How to automate development with Atom

How to automate development with Atom

We should automate our development process whenever possible. But there are so many tools available and new ones are published every week. Even though these tools help us, it could be very time consuming to learn and to handle all of these tools.

In this post I’ll show you how to automate development process using only Atom packages.

Manual tasks

Let’s say we’re starting a new project. It’s an open source project, a JavaScript plugin, which anyone could contribute. Developers who wants to contribute need source code, beautiful and easy to read. Developers who just want to use the plugin need minified and compressed files.

Beautiful source code

Beautiful source code is a must. Nobody wants to work on a code that is not properly aligned or formatted. But not every developer could produce beautiful code. Most of the times this is not intentional, because when we are in a process of development, we’re not focused on beautiful code, we’re focused on functional code.

To make our source code beautiful, we could go manually through every line and apply proper formatting and alignment. We are not gonna do this, though, because there are online tools which could help us, like Online JavaScript beautifier.

But that doesn’t feel right, too. Who has the time to copy-paste code back and forth.


We should use editorconfig, a set of rules which define how our code should be formatted. These rules should be written in .editorconfig file which should be placed in a root folder of our project. editorconfig provides plugins for almost every popular text editor. That’s awesome, because our plugin will be beautiful no matter who works on it. Yaay!

editorconfig rules are out of scope of this article. For full documentation, refer to editorconfig official page.

What about CSS files?

Sure, we should use editorconfig here, too. But what if we want to sort CSS properties, for example? Or add missing semicolons? Easy, we could use csscomb.


csscomb is a tool which formats CSS files based on configuration file .csscomb. There is an online tool, but just like Online JavaScript beautifer, there is unnecessary cope-paste back and forth again.

To create our config file, we could refer to all available options or to online config builder. We should put our config file in a root folder of a project.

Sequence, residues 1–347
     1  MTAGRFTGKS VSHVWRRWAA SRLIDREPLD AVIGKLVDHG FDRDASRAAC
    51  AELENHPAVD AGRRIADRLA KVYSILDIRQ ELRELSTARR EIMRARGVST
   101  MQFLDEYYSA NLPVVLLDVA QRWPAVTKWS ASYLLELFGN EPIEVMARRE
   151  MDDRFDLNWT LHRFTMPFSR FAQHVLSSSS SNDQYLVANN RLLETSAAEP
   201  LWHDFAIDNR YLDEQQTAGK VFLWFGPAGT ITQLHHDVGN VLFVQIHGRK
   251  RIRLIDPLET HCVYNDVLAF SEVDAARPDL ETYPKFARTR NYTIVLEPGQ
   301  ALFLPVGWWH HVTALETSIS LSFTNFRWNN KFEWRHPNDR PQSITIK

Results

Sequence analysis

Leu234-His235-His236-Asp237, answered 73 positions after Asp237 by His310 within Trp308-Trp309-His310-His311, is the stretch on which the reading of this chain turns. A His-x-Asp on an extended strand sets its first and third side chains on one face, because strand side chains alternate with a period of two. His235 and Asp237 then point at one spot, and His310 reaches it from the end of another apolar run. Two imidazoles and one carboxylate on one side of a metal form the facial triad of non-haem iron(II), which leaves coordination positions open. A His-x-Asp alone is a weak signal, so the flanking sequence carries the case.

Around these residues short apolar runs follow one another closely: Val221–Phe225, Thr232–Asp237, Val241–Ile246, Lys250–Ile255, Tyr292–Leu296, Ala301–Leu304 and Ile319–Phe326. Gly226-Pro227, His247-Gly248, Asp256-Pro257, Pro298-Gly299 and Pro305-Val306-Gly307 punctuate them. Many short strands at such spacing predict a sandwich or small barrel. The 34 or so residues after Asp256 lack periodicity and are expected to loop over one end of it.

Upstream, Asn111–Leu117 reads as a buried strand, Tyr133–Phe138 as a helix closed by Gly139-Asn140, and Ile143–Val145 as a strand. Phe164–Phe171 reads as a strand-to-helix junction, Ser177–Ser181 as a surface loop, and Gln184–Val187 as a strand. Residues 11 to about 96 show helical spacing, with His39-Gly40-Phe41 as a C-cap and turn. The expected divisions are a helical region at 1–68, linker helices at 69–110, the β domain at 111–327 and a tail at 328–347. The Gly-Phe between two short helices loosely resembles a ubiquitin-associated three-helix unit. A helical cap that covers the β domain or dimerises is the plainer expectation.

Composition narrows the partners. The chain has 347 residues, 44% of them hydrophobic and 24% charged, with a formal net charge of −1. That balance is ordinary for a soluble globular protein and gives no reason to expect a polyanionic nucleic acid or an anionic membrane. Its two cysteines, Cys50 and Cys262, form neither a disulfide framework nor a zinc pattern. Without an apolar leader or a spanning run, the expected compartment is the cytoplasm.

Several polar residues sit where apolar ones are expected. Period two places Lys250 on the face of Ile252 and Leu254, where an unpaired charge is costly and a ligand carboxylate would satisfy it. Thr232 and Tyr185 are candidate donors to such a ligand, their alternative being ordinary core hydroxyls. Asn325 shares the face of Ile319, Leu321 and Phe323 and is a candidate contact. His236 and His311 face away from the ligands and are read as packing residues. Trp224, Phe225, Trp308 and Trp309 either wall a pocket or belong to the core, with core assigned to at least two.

This won’t work unless we install Atom package for csscomb. There are several packages available, but my favorite is atom-css-comb.

Now our CSS files are beautiful, too.


We should publish our plugin on package manager, like bower or npm. That means we should create and configure JSON files: bower.json and package.json. JSON files should be pretty, too. That’s where pretty-json package steps in.

This very popular plugin formats JSON files on command. As a bonus, this plugin could warn us if our JSON files are not properly formatted.

Minification and uglification

Our source code is beautiful, now’s the time to compress our files. Compressed files are usually used in production. Final user doesn’t need beautiful file, user doesn’t even care about the file, user just want a super fast and fluid experience. Every byte matters, because smaller files equals faster load.

CSS files are minified and JS files are uglified. We don’t want to use online tools, like JavaScript Compression Tool or CSS Minifier. We don’t want to use Atom packages either. The main reason is because we want to make a separate file that is compressed and that couldn’t be achieved easily inside Atom.

What we want is a tool which creates compressed versions of our source code files in a separate files automatically. And for that task we should use tools like Gulp. Gulp is a task runner based on Node.js. Gulp community created and shared quite a large number of plugins. For our tasks to compress our files, let’s use gulp-cssmin and gulp-uglify.

Gulp tasks are out of scope of this article, please refer to official Gulp documentation.

After we installed Gulp and defined Gulp tasks, we should run it from console by typing “gulp” and the name of our task. For example, gulp cssmin. When Gulp finishes with a task, our CSS file should be compressed. The same is with JS files, run gulp uglify inside console.

Although this is very easy, it is also a little bit clumsy, switching from Atom to console all the time. Fortunately, we could run these tasks from Atom using gulp-manager.


gulp-manager is a package that could run Gulp tasks from Atom. This package doesn’t work without bottom-dock, therefore we should install this package, too. After installation, we should run it through default keybinding for gulp-manager: alt-shift-D.

We should see a new dock with 3 main sections:

  • task list,
  • input field and
  • console output.

If we want to run a task, we could click it from task list. On the right side we could see a console output for these task. It is very useful when debugging invalid or failed task. Alternatively, we could write the name of the task inside input field and then press Enter.

Gulp manager in action

Our files are now compressed and tasks are run from Atom. We don’t need a console anymore.


Most of this tools are available as a standalone solutions. But why use them separately, when we could run them from inside Atom editor.

Once when you get comfortable with this kind of automation, you won’t think of manual tasks again.

Which Atom packages are you using to automate your development process? Do you like ones mentioned in this article?

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